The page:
Terrorism past and present come together in Shadow Soul, book number 3 in Dylan Jones’s crime series set in north Wales.
One plot strand focuses on the consequences of the war waged by UK and US military operations against Islamic State insurgents in Syria.
A second strand recalls Meibion Glyndŵr, a Welsh nationalist movement in the 1970s that was responsible for arson attacks on English-owned properties and the posting of letter bombs to English Members of Parliament.
These plot lines are connected by Flight Lieutenant Bobbie Matthews, a drone pilot at the RAF’s surveillance base in Lincolnshire. She’s the officer at the controls when a drone attack on a convoy of IS insurgents in Syria goes horribly wrong. Though the insurgents are wiped out, a second unplanned explosion kills six RAF officers.
The official report on Operation Vanguard attributes the airforce deaths to an unknown presence of other insurgents in the area. But Bobbie Matthews doesn’t buy the official line.
She has a personal reason for demanding to know the truth about the mission – her husband Danvir was one of the victims. But she’s stonewalled in all attempts to get senior commanders to come clean about the mission.
Within a year she’s been moved from the drone command centre, sent to Anglesey and demoted from combat status. Being ordered to undergo psychiatric treatment proves the last straw. She vows to get justice for her husband at all costs.
She hooks up with another resident of Anglesey who is similarly intent on revenge. Melvin Powell, a former boxer nicknamed “The Great Welsh Hope” is incensed that wealthy English people are buying up local properties to use as holiday homes. The trend is driving up property prices well beyond the means of locals.
The time is right, he decides, to revive the spirit of Meibion Glyndŵr. He’d been an active member decades earlier, personally responsible for arson attacks on eight homes. Now he felt “the old flames of patriotism stir once more.” With cancer raging through his body, he has nothing to live for except the sweet taste of revenge.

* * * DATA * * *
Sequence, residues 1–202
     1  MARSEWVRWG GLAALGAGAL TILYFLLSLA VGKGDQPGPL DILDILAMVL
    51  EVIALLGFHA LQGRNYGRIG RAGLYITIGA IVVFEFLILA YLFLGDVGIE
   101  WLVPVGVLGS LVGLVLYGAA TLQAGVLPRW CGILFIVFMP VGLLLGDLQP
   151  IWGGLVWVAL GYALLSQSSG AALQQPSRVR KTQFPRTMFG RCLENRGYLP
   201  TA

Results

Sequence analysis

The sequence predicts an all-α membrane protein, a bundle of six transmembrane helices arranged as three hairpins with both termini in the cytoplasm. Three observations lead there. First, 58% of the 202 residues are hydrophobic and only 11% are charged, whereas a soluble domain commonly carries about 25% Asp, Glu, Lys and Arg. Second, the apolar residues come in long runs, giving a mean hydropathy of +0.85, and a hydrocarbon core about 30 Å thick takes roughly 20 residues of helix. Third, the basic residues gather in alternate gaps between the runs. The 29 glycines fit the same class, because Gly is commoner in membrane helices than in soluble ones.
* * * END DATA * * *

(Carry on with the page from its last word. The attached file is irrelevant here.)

When this pair join forces they set in motion a series of events that push police resources almost to breaking point. The man in charge of the investigation, Detective Inspector Tudor Manx, faces a race against time to save a hostage but is continually blocked by military officials and the grey men of the secret service. It doesn’t help matters that Anglesey has two rather famous residents whose safety is paramount: the Duke of Cambridge (a helicopter pilot at the island’s RAF Valley base) and his new wife, the former Kate Middleton.
Shadow Soul is a fast-paced novel with all the twists and turns and dramatic moments you expect. It also has nice touches of humour via the banter between the officers in Manx’s team.. I like the way their characters are now being fleshed out from the earlier books, especially the contrast between the sharp-eyed young female constable Delyth Morris and the jaded, unpolitically correct Sergeant Malcolm Nader.
I was hoping that we’d get more deeply into Manx’s character in this novel.
It’s been a year since he returned to Anglesey having blotted his copy book with the Met but he hasn’t given up hopes that he will one day be able to return to the capital.
He’s still driving his (aged) Jensen and indulging in a glass of whisky or too at night. He gets a girlfriend and meets up with his sister. The pressures of the past continue to haunt him, especially the disappearance of his young sister Miriam on a day out at the seaside.
We do learn a little more about the day she went missing and why Max feels so guilty. But I still don’t feel I know him very well. Right now he feels like more the sum of parts rather than a fully-rounded character.
That didn’t spoil my enjoyment of the book however. As with the previous titles in this novel, the setting is the star of the show for me. Shadow Soul take place in summer when the wide sandy beaches and seaside towns begin filling up with tourists (they don’t get much of a welcome in Malcolm’s pub). If they arrive expecting long sunny days, they could be disappointed because any one who has ever holidayed in Wales knows that the landscape is green for a reason:
It was late July, when blue skies and warm fronts were to be expected, but this, after all, was Anglesey where the weather thumbed its nose at such conventions – summers could be as balmy as the French Riviera or as rain-soaked as a Prague winter; sometimes both in the same day.
Shadow Soul by Dylan Jones: Endnotes
Shadow Soul was published by Bloodhound Books in August 2020. The previous books in the series are Anglesey Blue and Doll Face. Each can be read as a stand alone novel though it would be worth beginning with book one in order to fully appreciate the significance of Manx’s missing child.
Dylan H Jones is a native of Anglesey and returns often to the island to visit relatives who still live there. He worked in television and the creative industry, as a producer at the Welsh TV Channel, S4C before becoming creative director at Channel 4, London. In 1999, Dylan moved to California where he worked a copywriter in LA, writing movie trailers and TV ads.